A drawback of Ad5 as a vaccine vector is that the virus has already spread widely through many populations. If people have preexisting Ad5 immunity, it can knock out the vector before it has a chance to infect cells and produce SARS-CoV-2 proteins. To counter that problem, an ImmunityBio subsidiary modified Ad5 by deleting several of its genes in an attempt to make it less visible to the immune system.
In another novel feature, Soon-Shiong’s group uses this altered Ad5 to deliver a second SARS-CoV-2 gene, for the nucleocapsid protein the virus uses to package its RNA. The researchers hope the nucleocapsid protein will boost what are known as T helper cells, which can supercharge the B cells that make antibodies.
Soon-Shiong contends that the second protein also strengthens the immune response to the key part of spike: the receptor-binding domain (RBD) that initiates the infection of human cells.
In SARS-CoV-2 and other coronaviruses, spike studs the surface of the virus in three-leaf clovers of sorts called trimers. Structural biologists have shown these trimers typically have two RBDs facing down and only one turned up, making it most visible to the immune system. Soon-Shiong says the nucleocapsid in the vaccine preparation somehow interacts with spike and “pushes RBD out and probably exposes the downs into more up positions.” Data from preliminary studies in test tubes and mice, which Soon-Shiong shared at the investor meeting, suggest the strategy elicits a stronger immune response, he says.
Florian Krammer, whose lab at the Icahn School of Medicine at Mount Sinai studies different COVID-19 vaccines in mice, says “adding the nucleocapsid is probably not a bad idea,” but he notes that spike itself can stimulate T cells. He also says three upfacing RBDs may be overkill. “I’m not sure if the up confirmation is making a huge difference,” Krammer says.
Andrew Ward, a structural biologist at Scripps Research whose lab has helped characterize spike on several coronaviruses, also questions whether RBDs in actual viruses really are arranged in the one up-two down configuration. The idea may reflect sampling bias, he says. Structural biologists select from a population of spike proteins in a solution, and one up-two down are the easiest ones for them to characterize. “You’re selecting for things that are most well behaved,” Ward says. “People are taking a huge leap from those structures.”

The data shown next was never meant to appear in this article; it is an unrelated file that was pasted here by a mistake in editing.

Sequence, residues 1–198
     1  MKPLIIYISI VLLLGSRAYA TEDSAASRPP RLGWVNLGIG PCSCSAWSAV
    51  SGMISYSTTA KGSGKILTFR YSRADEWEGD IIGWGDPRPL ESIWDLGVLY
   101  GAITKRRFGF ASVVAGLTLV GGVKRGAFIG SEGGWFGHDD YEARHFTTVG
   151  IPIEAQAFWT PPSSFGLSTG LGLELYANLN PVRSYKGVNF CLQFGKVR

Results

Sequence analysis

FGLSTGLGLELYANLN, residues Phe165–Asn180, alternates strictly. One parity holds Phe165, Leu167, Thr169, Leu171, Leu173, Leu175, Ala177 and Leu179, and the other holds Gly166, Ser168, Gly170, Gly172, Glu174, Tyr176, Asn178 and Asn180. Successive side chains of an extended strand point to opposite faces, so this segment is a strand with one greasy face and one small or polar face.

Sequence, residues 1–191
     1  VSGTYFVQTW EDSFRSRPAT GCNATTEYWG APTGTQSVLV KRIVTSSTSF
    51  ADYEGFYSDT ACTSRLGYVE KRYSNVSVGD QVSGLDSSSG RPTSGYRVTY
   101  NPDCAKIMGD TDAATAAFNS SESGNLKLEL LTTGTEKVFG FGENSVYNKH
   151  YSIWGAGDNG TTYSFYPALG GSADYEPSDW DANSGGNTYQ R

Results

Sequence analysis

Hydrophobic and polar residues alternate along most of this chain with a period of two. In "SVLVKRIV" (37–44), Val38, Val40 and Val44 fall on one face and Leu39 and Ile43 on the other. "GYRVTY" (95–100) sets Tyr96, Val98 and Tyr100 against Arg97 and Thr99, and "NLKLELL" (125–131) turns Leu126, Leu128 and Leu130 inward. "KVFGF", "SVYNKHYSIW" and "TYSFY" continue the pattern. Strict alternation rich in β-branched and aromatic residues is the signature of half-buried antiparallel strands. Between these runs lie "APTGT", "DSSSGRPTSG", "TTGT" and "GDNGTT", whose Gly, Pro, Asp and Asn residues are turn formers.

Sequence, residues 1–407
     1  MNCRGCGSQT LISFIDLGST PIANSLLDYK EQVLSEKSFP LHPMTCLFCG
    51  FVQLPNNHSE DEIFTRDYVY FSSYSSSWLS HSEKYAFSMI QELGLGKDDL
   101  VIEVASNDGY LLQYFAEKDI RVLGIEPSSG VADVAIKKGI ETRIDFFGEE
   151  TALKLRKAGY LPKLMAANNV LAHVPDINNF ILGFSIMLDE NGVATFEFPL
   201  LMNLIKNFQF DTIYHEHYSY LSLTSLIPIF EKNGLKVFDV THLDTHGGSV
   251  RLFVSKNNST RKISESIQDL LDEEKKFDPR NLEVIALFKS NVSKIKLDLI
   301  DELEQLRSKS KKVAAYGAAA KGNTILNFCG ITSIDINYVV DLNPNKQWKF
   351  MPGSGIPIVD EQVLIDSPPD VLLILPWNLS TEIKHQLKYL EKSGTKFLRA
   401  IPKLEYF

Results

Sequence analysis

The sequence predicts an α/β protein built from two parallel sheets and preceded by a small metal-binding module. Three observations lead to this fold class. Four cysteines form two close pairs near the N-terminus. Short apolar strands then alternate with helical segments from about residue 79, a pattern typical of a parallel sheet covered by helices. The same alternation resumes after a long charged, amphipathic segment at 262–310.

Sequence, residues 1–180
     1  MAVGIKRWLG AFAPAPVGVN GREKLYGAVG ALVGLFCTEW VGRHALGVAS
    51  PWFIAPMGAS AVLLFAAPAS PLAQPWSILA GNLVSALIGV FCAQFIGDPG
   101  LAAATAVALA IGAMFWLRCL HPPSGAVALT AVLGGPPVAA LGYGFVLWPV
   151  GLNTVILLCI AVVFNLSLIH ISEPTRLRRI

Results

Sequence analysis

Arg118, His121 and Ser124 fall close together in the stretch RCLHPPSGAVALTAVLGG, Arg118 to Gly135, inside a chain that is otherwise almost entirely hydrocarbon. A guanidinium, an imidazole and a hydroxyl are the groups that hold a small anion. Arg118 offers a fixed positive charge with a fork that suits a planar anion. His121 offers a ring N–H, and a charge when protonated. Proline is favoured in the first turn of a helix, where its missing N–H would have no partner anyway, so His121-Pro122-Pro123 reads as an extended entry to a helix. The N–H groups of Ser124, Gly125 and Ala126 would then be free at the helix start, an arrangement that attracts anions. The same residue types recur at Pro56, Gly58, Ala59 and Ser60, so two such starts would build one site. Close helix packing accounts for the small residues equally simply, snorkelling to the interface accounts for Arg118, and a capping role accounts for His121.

Some researchers also worry about the Ad5 vector itself because of bad results in a 2007 trial of an HIV vaccine made with the vector, in which more vaccinated people became infected than those who received a placebo shot. Many immunologists suspect the Ad5 led to an especially large increase in CD4 T cells, the favorite target of HIV. Conceivably, any COVID-19 vaccine that uses the Ad5 vector could increase the risk of HIV infection. Soon-Shiong says his vaccine’s modified Ad5 won’t cause this problem, although his companies have yet to publish evidence to support that.
Soon-Shiong says his companies signed an agreement with HHS on Friday for the monkey study’s protocol and hope to receive approval from the Food and Drug Administration to begin an initial safety trial in humans in June. Warp Speed has said it plans to whittle down the 14 candidates from its initial selection to about eight for early stage human trials. “We will inform the public very soon about the candidates that make the first cut,” Caputo says. Although Soon-Shiong hopes to win the substantial backing the government has provided to other vaccinemakers, he assures that, whatever happens, his companies will continue to pursue the project “with gusto.”